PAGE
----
Doctor Put a Heart in His Song

--She will get a chance to meet one of her early success stories this week. Dr. Helen Brooke Taussig, 87, the Johns Hopkins University physician who pioneered the "blue baby" procedure in the 1940s, will hear Samuel Sanders perform Tuesday at the university's Peabody Conservatory of Music in Baltimore in a recital in her honor. Although Taussig conducted a 20-year follow-up study of blue babies operated on between 1944 and 1950, this will be the first time she has met Sanders since 1947, when he had the operation at age 9. "I think it will be lovely to see him," Taussig said. In the blue baby syndrome, a child is born with a heart defect that, because too little blood is able to pass to the lungs for oxygenation, results in a bluish skin color and the inability to lead a normal, active life. The operation, first performed by Johns Hopkins Dr. Alfred Blalock, has saved the lives of more than 12,000 children. Sanders, a pianist who has taught at the Juilliard School in New York City for 20 years, took a position at the Peabody last fall. "I wouldn't be performing if it were not for Helen Taussig," Sanders said. "In fact, I wouldn't be here at all. I feel that, in coming back to Peabody and Hopkins, my life has come full circle."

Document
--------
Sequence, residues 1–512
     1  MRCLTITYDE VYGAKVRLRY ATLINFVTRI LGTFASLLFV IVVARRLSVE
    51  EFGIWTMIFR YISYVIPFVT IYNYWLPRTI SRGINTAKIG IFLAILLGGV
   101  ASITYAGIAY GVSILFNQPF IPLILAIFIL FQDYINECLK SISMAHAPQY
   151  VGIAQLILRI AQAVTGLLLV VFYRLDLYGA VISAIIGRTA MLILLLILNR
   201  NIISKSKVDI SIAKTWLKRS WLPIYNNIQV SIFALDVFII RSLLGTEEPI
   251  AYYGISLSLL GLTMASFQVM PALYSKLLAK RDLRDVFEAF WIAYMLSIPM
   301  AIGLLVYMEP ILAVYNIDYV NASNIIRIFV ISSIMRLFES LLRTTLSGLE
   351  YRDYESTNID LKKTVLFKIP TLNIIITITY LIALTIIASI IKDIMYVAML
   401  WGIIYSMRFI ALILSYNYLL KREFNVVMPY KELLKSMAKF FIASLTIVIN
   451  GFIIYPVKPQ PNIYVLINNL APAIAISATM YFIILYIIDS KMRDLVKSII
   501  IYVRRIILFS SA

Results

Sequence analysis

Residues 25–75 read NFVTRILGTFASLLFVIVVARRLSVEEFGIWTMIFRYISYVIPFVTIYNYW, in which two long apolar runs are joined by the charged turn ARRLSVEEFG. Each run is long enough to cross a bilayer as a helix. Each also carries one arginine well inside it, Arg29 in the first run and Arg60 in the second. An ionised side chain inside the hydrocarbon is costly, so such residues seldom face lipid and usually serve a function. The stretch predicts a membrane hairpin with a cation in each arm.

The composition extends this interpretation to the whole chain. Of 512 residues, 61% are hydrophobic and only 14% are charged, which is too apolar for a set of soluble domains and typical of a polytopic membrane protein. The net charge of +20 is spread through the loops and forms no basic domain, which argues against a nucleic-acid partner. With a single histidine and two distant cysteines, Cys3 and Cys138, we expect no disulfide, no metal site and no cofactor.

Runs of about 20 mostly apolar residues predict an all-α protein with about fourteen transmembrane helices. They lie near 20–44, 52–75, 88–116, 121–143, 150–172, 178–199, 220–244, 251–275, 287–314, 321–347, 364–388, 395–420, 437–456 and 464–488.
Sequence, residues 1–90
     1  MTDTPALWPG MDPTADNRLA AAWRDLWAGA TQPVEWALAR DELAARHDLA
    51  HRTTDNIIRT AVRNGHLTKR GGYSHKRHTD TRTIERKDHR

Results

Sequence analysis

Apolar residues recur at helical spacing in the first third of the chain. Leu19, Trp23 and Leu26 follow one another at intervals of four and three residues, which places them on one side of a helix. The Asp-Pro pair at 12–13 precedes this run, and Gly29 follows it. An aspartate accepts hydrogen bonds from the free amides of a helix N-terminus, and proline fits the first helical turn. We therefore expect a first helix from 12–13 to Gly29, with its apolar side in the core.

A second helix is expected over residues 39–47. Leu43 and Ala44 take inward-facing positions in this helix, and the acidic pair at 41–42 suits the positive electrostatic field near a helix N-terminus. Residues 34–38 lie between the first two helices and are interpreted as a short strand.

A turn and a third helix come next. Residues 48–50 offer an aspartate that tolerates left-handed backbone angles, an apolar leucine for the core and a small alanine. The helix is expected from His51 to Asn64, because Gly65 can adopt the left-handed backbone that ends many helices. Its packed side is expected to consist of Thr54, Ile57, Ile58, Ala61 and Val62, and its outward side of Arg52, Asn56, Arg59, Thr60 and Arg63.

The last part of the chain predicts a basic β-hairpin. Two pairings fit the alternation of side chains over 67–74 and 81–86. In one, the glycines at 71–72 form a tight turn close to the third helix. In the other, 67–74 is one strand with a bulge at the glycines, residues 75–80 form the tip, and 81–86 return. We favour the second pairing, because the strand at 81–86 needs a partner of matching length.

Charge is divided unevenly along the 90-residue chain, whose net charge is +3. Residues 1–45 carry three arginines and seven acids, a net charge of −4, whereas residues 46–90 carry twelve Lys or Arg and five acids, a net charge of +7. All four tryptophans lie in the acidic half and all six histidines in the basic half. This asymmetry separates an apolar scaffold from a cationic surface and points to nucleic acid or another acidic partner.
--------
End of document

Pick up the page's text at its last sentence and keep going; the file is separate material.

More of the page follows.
--A mother of five knows the overpowering smell of success after being named Miss Garlic over four other competitors. Patricia Gorrasi was crowned the queen of Garlic Fest II over the weekend with a spray of champagne and a shower of petals honoring the "love bulb." Gorrasi, 49, dazzled a three-judge panel in a Covington, Ky., restaurant with her painted garlic jewelry and pungent answers in the question portion of the contest. Gorrasi received the applause of a packed dining room and a trophy consisting of three garlic bulbs encased in a dome. She deemed the occasion an honor, explaining with a Gorrasi-faces-life shrug, "Hey, I can't be Miss America."

--The "mystery meat" of college mess hall folklore is not on the menu at a University of Illinois dining room in Urbana. Instead, it's likely to be Chateaubriand for two or a Chinese dinner starting with shiu-bow appetizer, or other specialties from other nations' cuisines, all served by candlelight, with fresh flowers on the table and classical music in the background--at least once a week, anyway. Students scramble for a chance to eat at a tiny restaurant in Allen Hall called Reservations Only and experience haute cuisine comestibles. The check: $4.50--plus a punch of the student meal ticket. Reservations Only was created by Maria Ramos, campus director of residence hall food service, who wanted students to experience the best.

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